For instance, when the Walt Disney Co. agreed in 1997 to buy the Angels and renovate their stadium, the company insisted that fast-food restaurants be restricted from opening in the adjacent parking lot, in order to protect ballpark concession sales.
Greg Smith, the executive who oversaw Anaheim Stadium on behalf of the city, said the new Dodgers owner cannot afford to buy the team without negotiating with McCourt on the future of the parking lots.
"Obviously, the ideal situation is whoever has the team controls the parking," Smith said. "If that can't happen, the buyer needs to make sure it is very specific about what can happen in the parking lots. If they don't want development, it's got to be stipulated in the agreement."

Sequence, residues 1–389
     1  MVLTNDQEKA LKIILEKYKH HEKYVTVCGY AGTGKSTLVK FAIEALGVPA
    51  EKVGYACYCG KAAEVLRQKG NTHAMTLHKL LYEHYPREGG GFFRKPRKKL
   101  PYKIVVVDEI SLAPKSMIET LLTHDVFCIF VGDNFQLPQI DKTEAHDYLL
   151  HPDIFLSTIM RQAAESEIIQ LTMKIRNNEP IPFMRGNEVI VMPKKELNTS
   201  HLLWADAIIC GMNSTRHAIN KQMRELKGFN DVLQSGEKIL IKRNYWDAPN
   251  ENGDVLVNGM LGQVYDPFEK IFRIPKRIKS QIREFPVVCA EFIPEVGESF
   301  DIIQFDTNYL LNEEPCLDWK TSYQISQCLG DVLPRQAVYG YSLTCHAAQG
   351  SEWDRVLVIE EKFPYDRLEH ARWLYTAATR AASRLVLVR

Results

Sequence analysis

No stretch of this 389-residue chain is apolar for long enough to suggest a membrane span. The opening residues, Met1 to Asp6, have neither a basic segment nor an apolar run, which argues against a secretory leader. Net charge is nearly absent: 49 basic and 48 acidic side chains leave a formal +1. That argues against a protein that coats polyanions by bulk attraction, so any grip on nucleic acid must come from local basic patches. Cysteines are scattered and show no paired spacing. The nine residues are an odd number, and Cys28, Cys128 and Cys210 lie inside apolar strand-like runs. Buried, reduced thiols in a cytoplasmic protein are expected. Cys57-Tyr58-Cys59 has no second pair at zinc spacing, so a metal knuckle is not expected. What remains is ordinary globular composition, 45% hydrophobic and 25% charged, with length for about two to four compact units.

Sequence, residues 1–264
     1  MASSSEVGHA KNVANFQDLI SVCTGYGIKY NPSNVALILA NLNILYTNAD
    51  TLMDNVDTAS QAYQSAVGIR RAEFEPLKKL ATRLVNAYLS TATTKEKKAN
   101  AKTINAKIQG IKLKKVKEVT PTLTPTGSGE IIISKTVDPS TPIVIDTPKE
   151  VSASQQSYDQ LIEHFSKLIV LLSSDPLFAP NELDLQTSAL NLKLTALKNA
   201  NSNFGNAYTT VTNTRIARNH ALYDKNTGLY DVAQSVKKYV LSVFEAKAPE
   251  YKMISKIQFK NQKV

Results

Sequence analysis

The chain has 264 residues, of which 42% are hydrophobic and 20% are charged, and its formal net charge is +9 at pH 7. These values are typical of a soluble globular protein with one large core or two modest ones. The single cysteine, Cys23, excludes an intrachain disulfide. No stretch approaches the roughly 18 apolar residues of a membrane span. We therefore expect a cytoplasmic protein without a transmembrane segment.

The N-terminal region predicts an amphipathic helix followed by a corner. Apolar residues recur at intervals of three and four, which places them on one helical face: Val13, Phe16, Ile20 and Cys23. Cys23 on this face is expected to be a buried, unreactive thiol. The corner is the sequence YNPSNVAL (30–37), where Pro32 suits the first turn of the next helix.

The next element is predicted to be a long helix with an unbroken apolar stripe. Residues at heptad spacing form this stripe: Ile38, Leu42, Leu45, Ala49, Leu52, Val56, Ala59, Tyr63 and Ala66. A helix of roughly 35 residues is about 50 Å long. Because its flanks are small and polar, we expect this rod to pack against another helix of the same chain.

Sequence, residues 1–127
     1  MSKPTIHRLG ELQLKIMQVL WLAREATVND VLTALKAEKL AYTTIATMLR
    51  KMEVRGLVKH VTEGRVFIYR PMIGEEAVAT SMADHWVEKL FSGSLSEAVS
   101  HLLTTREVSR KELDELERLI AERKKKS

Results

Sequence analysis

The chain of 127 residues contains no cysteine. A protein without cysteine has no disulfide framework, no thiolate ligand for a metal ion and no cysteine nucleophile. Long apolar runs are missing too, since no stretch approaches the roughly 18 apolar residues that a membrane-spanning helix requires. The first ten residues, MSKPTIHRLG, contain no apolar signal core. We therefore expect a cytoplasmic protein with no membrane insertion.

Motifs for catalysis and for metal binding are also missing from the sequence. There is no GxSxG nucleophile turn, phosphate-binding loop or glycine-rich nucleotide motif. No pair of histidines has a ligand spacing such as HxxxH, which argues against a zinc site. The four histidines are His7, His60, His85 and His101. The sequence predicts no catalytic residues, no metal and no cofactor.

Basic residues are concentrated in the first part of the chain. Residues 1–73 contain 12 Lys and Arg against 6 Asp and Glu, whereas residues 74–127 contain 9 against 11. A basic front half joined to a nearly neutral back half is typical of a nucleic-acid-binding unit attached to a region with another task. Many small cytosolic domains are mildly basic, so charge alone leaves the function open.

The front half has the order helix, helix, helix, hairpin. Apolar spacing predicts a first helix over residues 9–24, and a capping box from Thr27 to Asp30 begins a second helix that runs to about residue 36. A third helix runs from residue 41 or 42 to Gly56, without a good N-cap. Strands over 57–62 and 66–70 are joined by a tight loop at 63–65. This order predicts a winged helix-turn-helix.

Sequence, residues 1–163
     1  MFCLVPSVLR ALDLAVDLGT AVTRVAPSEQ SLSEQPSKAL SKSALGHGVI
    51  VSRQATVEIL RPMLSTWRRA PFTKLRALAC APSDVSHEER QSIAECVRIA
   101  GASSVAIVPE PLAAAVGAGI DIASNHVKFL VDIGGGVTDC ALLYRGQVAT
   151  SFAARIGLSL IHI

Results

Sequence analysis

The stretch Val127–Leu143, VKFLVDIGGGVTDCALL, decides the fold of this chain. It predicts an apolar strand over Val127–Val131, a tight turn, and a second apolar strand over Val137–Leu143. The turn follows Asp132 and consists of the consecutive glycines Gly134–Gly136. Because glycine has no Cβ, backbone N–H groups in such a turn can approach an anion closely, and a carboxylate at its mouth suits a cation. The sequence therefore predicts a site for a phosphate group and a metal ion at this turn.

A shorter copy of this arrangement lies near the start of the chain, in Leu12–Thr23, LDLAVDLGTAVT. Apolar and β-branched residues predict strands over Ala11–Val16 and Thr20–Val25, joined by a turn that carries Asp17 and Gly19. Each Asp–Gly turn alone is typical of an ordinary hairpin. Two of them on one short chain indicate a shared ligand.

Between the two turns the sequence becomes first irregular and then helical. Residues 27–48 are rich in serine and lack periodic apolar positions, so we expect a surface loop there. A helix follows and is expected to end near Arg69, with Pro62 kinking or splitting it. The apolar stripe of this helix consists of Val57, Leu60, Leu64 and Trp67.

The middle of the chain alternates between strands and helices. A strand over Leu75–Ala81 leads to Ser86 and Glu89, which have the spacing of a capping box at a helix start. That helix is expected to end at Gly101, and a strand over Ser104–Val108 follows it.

Brown, who as Angels president once negotiated against Smith, heartily agrees. However, with more than a dozen publicly identified bidders for the Dodgers, Brown warned that a prospective owner cannot count on McCourt's including the land in a sale, no matter how high the price.
"Chances are, somebody will come in and say, 'We'll take it the way it is,' " Brown said. "If your bid is conditioned on the fact that you're getting the land, you may not get the winning bid."